For example, SPRI conducted an online survey of about 4,000 people from urban poor families in 36 Jakarta villages to determine who is not receiving the benefits but should be, as well as the socioeconomic impact of COVID-19. As a follow-up, SPRI is monitoring implementation of the government social-assistance programs. The results of the survey and monitoring will be displayed on a visual “needs map,” then sent to policymakers at the provincial and national levels to reform the social-assistance programs.
For those who don’t have internet, SPRI uses WhatsApp groups and paper forms that can be completed at a new Community Information and Complaint Center. Staffed by SPRI members and volunteers who have been trained as social auditors, the center educates those who could benefit from Family Hope and documents complaints from those who are not getting the assistance they need. The auditors also are being trained in citizen journalism so they can effectively tell the stories of COVID’s socioeconomic impact in their communities.
“The government data is not very complete or even credible, so many eligible poor people who should get help do not get it,” explains Mulyanah, a community center manager in Kramat Jati. “That’s why SPRI fights for this community. We don’t just focus on basic income, but also health care and education.”
For example, SPRI works in 36 urban villages in Jakarta. Before COVID, it had identified about 2,000 families needing assistance who were not receiving it. After the pandemic hit and the economic fallout became apparent, the online survey showed that 78.8% of urban poor residents had worked in the informal sector and now had minimal if any income. Even among those who previously had formal jobs, 62% now were unemployed. Overall, more than 91% had no cash assets at all.
“After COVID, the government slightly increased the amount given to recipient families, depending on the number of children,” says Tri, a community auditor in Duri Kepa. “But it’s still not much—maybe around 250,000 rupiah (US$10) per month for a family with one child.”
In addition to cash transfers, these families also should receive nine food staples, such as rice. However even if households receive the food, it is often contaminated with insects. Likewise, the food delivered is supposed to cover one month but may be sufficient for only a week.
Another issue is the promised level of cash support vs. reality: For example, the government has said in the media that an average family of five would get 600,000 rupiah, but when it’s delivered, it’s maybe around 300,000—half what was promised. Or, sometimes families learn that the amount delivered must be shared with other households.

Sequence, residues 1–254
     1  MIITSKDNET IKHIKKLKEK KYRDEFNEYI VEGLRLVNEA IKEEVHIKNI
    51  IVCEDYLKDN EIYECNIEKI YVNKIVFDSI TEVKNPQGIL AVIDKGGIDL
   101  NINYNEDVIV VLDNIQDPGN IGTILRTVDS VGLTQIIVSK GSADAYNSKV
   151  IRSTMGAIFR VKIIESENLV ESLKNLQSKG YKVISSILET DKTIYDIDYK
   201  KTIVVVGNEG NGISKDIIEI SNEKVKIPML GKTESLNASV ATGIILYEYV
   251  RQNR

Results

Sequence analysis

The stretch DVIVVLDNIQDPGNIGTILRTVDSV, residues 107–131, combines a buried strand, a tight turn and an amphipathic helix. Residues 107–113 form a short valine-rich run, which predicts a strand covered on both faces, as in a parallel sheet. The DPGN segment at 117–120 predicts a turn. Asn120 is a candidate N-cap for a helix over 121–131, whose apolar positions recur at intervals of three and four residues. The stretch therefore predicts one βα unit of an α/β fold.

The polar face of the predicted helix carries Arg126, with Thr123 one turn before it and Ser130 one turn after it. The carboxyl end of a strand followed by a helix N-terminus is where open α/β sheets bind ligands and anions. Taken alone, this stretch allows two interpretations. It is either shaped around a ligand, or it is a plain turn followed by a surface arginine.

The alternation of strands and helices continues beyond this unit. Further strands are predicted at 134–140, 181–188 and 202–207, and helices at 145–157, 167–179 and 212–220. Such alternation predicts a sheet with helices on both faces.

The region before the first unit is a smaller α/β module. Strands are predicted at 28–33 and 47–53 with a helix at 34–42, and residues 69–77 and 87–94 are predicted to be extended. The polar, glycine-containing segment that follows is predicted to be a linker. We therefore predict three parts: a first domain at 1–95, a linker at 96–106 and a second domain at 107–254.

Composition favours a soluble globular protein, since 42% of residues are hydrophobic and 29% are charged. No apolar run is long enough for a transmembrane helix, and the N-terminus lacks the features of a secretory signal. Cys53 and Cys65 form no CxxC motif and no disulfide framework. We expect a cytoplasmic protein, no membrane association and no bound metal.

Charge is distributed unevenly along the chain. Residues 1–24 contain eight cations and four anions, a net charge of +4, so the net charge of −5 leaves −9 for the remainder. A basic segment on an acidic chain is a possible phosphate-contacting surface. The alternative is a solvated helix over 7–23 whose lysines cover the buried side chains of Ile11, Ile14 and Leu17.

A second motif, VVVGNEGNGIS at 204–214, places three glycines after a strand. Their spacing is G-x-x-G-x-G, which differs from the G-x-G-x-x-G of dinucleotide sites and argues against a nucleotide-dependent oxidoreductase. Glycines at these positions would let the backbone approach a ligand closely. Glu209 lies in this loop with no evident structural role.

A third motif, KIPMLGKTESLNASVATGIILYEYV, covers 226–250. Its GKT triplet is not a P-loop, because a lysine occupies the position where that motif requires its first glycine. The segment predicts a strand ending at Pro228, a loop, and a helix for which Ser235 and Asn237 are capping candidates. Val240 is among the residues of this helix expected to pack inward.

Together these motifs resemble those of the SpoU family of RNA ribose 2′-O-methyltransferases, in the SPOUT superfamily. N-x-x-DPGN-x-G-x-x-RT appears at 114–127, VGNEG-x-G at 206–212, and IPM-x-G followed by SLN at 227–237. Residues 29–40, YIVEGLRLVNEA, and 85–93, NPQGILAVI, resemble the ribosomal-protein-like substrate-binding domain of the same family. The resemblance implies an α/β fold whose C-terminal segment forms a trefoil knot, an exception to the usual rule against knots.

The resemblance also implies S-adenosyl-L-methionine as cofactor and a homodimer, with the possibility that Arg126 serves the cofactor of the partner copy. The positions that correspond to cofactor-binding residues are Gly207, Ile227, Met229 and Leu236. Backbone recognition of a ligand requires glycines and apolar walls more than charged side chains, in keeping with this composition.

“Before SPRI established the complaint center, these families didn’t know to whom or how to report the problems,” explains Suryati, a community center manager in Tomang. “The government didn’t provide a channel for reporting or complaints. Now, they have someplace to go. They know that SPRI will take several steps to follow up on their complaints, including going to the appropriate line agency. We are their advocate.”
On March 13, 2020 Kenya recorded its first COVID-19 infection. Two days later, the government restricted movement and meetings in a bid to contain the disease. The move was critical to preventing rapid community spread of the virus. However, the decision also threw the work of governance advocates into disarray.
This is especially true for those who work by mobilizing people to engage their governments at local and national levels. IBP Kenya and partners were not exempt from the effect of the restrictions. Over the last three years, we have worked to build the capacity of community groups to advocate for services that matter to them. Two main areas of interest are water services for marginalized communities in Baringo County and primary health care in Busia County.
Together with our partners, we developed a response designed to allow us to engage virtually with budget and service-delivery processes. We were worried, and still are, about the potential for the COVID-19 pandemic, and the measures adopted to manage through it to significantly and adversely affect our work. We knew we could see a reversal in the gains we have made in transparency, accountability, public participation and equity.
Transparency: In times of desperation, policymakers frequently act in ways that are opaque, justifying a lack of transparency as necessary due to the emergency. We do appreciate that decisions at times like this must be made quickly, and that governments need leeway to adjust some processes. For example, procurement of personal protective equipment may need to be single-sourced to save time. Nevertheless, that shouldn’t dilute accountability measures, key among them transparency. Yet, transparency in how decisions are made and implemented at all levels of government too often has been a casualty. Decisions on which the public should be engaged are only announced when dialogue is no longer possible.
Accountability: The national government has not performed well in either transparency or accountability, and the response to COVID-19 has not improved the situation. A case in point is the questions raised by both Parliament and the Auditor General about monies allocated for prevention and treatment of tuberculosis and malaria, construction of dams and the COVID pandemic response. It is unclear how these funds have actually been spent.
Citizen participation: At the national level, opportunities for public participation in budget and spending decisions have been poorly structured and often exclusive to the few who can make it to Nairobi. While the law is clear that mechanisms of participation should be cascaded to the lowest level possible, that has not been actualized in the 10 years since it was adopted. And the COVID-19 crisis has only created more reason to restrict people from participating. Even when opportunity for engagement is given, the time is often short and lacks clarity as to how input will be used in the decision-making processes.